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After end of civil war, regional music festival returns to Mali

SEGOU, Mali -- Long before Mali captured the global spotlight as an al-Qaida training ground where French soldiers had to intervene, the West African nation was celebrated for producing some of the biggest stars in world music.

Now Salif Keita and other top Malian performers are trying to revitalize the country's music tourism with the return of the Festival on the Niger. The concerts here in central Mali were canceled in 2012 because of fighting in the country's north, and again in 2013 as French and African forces battled to oust Islamic radicals from power there.

The insecurity also has sidelined Mali's famous Festival in the Desert, which drew visitors from around the world every year to hear some of the region's best acts perform, to ride camels and sleep beneath the stars. Although it's still too dangerous to resume that event, the Festival on the Niger is now back.

“This festival marks a start to the cultural renaissance of Mali. The country is starting to stabilize and it's very important to hold this festival and have visitors return,” said Mamou Daffe, director of the festival in Segou, a town in central Mali on the banks of the Niger River.

The event, which ended Sunday, drew 19,000 people including Malians and Western tourists, said Mohamed Konate, a spokesman for the festival. The turnout remained high despite a text message that was sent to French nationals urging them to avoid public gatherings in the capital of Bamako because of the risk of a terror attack.

Among those taking part were Keita, one of Mali's most famous musicians, Vieux Farka Toure, Haira Arby, Guinean star Sekouba Bambino and Cheick Tidiane Seck.

The concert in Segou was a symbol of social unity after a jihadist occupation essentially divided the country in two, said Seck, a renowned Malian jazz pianist and composer.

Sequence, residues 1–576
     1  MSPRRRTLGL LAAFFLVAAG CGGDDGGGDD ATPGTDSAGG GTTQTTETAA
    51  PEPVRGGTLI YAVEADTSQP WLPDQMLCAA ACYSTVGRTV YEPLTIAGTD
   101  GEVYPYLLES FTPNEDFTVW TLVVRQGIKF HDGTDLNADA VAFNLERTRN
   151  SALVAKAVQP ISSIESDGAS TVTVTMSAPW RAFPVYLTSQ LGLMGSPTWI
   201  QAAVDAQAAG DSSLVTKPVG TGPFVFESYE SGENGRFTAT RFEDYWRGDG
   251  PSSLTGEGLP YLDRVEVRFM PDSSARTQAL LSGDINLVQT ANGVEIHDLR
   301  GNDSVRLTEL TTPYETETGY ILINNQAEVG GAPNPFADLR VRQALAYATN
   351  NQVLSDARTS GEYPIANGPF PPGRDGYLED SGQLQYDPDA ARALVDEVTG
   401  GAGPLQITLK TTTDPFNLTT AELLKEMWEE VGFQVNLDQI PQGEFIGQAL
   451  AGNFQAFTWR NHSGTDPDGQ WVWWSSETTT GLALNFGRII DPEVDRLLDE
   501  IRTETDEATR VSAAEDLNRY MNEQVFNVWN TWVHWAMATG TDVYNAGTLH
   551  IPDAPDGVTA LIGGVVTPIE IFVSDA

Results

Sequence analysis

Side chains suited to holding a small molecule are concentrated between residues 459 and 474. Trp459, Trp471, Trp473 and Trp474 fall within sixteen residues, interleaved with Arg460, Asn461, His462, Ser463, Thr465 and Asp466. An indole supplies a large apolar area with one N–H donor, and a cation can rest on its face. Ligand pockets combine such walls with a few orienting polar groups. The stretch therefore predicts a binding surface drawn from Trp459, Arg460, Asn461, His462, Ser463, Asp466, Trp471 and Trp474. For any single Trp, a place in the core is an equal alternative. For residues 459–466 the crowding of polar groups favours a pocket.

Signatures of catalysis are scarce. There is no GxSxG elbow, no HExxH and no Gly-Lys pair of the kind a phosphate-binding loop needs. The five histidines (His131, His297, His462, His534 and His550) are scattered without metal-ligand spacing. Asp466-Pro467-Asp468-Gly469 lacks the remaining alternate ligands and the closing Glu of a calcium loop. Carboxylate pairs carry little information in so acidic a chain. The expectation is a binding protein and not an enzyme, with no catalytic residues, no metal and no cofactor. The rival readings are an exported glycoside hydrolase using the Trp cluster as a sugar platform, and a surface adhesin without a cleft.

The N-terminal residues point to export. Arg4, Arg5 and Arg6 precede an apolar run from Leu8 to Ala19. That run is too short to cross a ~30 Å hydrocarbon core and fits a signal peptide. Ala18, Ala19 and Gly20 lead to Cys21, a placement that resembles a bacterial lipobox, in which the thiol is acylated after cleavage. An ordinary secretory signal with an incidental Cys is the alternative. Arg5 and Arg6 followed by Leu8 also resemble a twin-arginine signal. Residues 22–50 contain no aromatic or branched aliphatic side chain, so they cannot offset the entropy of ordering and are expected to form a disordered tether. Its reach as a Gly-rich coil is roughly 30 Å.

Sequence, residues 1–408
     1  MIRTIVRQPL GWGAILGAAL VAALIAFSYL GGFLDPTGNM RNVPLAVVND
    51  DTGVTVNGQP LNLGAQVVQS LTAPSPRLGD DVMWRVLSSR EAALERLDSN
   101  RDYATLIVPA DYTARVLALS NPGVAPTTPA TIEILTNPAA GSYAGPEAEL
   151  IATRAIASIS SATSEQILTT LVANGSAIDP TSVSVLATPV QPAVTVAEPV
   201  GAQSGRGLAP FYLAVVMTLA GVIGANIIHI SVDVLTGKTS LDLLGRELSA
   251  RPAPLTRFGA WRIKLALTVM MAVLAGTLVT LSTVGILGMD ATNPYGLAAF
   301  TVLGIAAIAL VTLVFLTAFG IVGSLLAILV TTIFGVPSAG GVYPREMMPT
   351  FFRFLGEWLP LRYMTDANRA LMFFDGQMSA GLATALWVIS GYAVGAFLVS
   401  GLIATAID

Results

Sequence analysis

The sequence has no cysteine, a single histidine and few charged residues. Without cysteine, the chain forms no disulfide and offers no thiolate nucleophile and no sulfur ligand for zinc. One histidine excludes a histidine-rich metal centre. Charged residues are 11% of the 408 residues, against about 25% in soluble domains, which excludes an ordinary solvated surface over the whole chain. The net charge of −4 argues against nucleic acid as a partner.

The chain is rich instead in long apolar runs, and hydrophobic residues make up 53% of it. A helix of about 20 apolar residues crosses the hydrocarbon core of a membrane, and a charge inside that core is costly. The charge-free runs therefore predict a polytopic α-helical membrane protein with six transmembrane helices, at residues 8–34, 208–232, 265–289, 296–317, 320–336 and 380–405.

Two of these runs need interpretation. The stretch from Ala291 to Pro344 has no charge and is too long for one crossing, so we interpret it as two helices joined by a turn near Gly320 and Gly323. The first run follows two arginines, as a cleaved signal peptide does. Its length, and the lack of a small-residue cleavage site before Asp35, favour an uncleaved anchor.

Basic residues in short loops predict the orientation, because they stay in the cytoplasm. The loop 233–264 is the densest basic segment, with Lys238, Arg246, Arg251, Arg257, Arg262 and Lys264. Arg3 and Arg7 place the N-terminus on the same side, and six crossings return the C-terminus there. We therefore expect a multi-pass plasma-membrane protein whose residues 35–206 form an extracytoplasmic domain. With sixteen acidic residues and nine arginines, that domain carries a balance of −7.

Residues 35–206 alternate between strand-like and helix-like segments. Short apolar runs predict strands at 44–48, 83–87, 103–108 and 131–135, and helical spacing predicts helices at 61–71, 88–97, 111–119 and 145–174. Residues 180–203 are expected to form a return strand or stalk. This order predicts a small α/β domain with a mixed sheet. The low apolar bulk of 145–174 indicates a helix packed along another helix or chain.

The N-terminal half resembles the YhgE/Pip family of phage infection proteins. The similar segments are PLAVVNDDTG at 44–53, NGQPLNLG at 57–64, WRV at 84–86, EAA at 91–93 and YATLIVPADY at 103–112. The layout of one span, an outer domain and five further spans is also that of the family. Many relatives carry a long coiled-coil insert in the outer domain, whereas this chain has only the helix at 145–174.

“Security will not be ideal here for some years still but the barbarism is going to end because we are a united country,” he said. “My goal for the north is to organize concerts and unite the artists of the north and south to show we are never going to give up. We are one and indivisible.”

Mali had long been a stable democracy where a moderate form of Islam was practiced until the jihadist takeover in 2012. Their arrival ushered in an era where women were whipped for going outdoors without veils and convicted thieves were punished with public amputations.

The threat of kidnappings by al-Qaida terrorists also has sidelined the Festival in the Desert, which used to be held each year near the fabled town of Timbuktu. Organizers of the Segou festival invited participants from that event to take part this year in their concert as part of a “cultural caravan for peace.”

Haira Arby, a famous Malian musician from Timbuktu, said it was difficult for her not being able to perform at the festival in her hometown.

“But seeing the festival on the Niger being held here in Segou gives me hope that the Festival in the Desert will return,” she said.

Many Ansar, the director of the Festival in the Desert, said organizers had hoped to bring back the popular concert to help return the image of Timbuktu to one of a tourist town rather than a jihadist stronghold. But ongoing violence and the threat of attacks has prevented them from going forward with plans.

“But for us, the Festival on the Niger in Segou marks the largest resurgence of cultural activities in Mali,” Ansar said. “But unfortunately there is still a gap between the north and south of Mali so we must take it one step at a time.”

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Sekouba Bambino, of Guinea, performs at a music festival in Segou, Mali on Friday, Feb. 7.

(AP)

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